The Saskatchewan Roughriders aren’t immune from what is taking place across Canada and the legalization of marijuana
The legalization of marijuana should not provide Saskatchewan Roughriders players with any incentive to partake.
That is the message from head coach Chris Jones, who talked to the CFL team’s players in advance of the ban being lifted in Canada on Wednesday.
“Marijuana is legal, but as a professional football player, cigarettes have been legal for 100 years but you wouldn’t go smoke two packs of cigarettes prior to practice,” Jones said. “Alcohol has been legal since the 1930s. People are going to do what they do and we certainly hope that our guys use discretion.
“If you’re impaired, you’re impaired, regardless if it’s smoking marijuana and whether it’s legal or not. We’ve got young men and they’re faced with a lot of things. We hope that they make the right decisions.”
Defensive back Jovon Johnson, a Riders representative on the Canadian Football League Players’ Association, feels the legalization of cannabis won’t have a major impact on the CFL. The league has a drug policy in place, but only tests for performance-enhancing substances and not recreational drugs like cannabis.
“It’s more so about people in life in general and how it may help some and it may not,” Johnson said. “It doesn’t really factor into what we do as a football organization because guys are focused on football and not marijuana. We come here to get paid, to do a job, and our job is to entertain. That is no reason to be doing something that will impair you from doing that.”
Riders defensive end Willie Jefferson hopes that players are smart when it comes marijuana.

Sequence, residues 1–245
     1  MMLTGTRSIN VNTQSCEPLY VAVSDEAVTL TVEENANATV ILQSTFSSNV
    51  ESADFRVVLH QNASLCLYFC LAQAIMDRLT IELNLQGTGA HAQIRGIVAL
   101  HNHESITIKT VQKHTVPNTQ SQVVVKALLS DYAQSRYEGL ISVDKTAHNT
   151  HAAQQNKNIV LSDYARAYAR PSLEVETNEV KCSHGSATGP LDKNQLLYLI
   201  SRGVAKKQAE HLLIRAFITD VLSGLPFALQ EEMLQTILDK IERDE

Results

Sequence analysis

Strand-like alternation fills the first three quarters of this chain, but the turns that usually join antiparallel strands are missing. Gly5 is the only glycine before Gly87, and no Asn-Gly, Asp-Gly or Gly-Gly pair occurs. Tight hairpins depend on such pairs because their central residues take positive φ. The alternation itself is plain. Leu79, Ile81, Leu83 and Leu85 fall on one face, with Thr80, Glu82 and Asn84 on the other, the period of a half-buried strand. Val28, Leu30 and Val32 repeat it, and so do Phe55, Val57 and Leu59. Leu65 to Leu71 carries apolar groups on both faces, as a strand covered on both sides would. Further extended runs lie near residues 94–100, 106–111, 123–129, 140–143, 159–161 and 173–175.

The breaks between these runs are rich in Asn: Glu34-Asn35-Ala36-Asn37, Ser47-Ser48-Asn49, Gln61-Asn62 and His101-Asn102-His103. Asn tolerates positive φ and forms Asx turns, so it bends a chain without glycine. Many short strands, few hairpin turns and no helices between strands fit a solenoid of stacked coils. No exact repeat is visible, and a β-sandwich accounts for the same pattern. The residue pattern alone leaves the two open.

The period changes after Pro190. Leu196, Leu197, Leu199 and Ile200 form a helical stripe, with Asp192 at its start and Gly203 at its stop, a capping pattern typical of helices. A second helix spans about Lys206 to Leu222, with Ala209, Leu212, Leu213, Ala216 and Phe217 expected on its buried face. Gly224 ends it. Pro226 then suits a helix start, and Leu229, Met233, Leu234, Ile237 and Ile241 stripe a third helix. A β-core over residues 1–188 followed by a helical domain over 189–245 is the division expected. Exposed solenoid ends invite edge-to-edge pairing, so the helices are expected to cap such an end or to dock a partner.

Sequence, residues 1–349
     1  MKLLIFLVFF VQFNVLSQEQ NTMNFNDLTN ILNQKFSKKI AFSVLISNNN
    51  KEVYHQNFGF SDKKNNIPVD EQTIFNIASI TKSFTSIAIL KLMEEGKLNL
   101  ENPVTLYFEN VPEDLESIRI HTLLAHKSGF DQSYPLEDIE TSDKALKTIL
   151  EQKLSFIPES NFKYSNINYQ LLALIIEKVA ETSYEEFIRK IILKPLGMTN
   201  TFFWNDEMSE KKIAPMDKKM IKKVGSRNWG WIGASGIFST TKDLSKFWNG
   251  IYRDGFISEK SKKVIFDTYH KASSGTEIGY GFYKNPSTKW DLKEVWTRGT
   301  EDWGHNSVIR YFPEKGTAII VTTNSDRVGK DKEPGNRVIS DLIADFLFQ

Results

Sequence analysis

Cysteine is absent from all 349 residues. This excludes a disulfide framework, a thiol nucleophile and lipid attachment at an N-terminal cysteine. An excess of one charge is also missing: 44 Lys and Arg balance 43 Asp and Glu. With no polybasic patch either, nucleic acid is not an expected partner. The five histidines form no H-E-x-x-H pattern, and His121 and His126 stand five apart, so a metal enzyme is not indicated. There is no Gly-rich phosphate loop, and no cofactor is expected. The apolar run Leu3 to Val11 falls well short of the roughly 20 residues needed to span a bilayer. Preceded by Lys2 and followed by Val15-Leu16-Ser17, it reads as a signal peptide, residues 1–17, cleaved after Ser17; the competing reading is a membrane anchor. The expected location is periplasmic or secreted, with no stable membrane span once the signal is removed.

“Just because it’s legal doesn’t mean you should go out and go overboard,” he said. “It’s a recreational drug, but some people tend to overdo it on recreational stuff like that.
“I wish the legalization would come out with a little more information to help people and things like that. I’m hoping to see great things from the medicinal side.”
Jefferson is familiar with the negative side of marijuana usage. In 2010, two violations for alleged marijuana possession within weeks of each other led to him being kicked off the Baylor University football team in his second season with the Bears.
“My life would probably be totally different (if marijuana was legal in 2010),” he said. “Times have changed and I guess they’re changing for the better … I’m glad that I’m here to inform other people about the ins and outs of marijuana use. They shouldn’t overdo it and not to take it as a free pass to do what you want to do because it’s legal.”
Jones, meanwhile, confirmed that defensive end Charleston Hughes will play on Saturday when the Riders visit the Calgary Stampeders. The news broke Tuesday that Hughes had been charged with impaired driving and failing to supply a breath sample for analysis.
According to a Regina Police Service report, Hughes was charged Oct. 11 after being found on the side of the road with his truck running at 2 a.m. Hughes wasn’t responsive to police and, upon being asked to exit the vehicle, he showed signs of alcohol intoxication. He was taken into police custody and charges were laid.
Hughes has been ordered to appear in Regina Provincial Court on Oct. 31.
The alleged incident served as a reminder that players need to be aware of the consequences of drinking and driving.
“It could happen to anybody, whether you have a few beers during dinner and maybe you’re driving and you get pulled over,” Johnson said. “It could also happen to anyone across the league, no matter who you are or what your name is. You just have to be cautious and you have to protect yourself at all times.”
A CFL spokesman told the Leader-Post on Thursday that the league doesn’t have a policy in place to deal with impaired driving. However, the commissioner can impose discipline if a player, coach or even an owner brings the league “into disrepute.”
The CFL is remaining in contact with the Riders as the team continues to gather more information on the matter.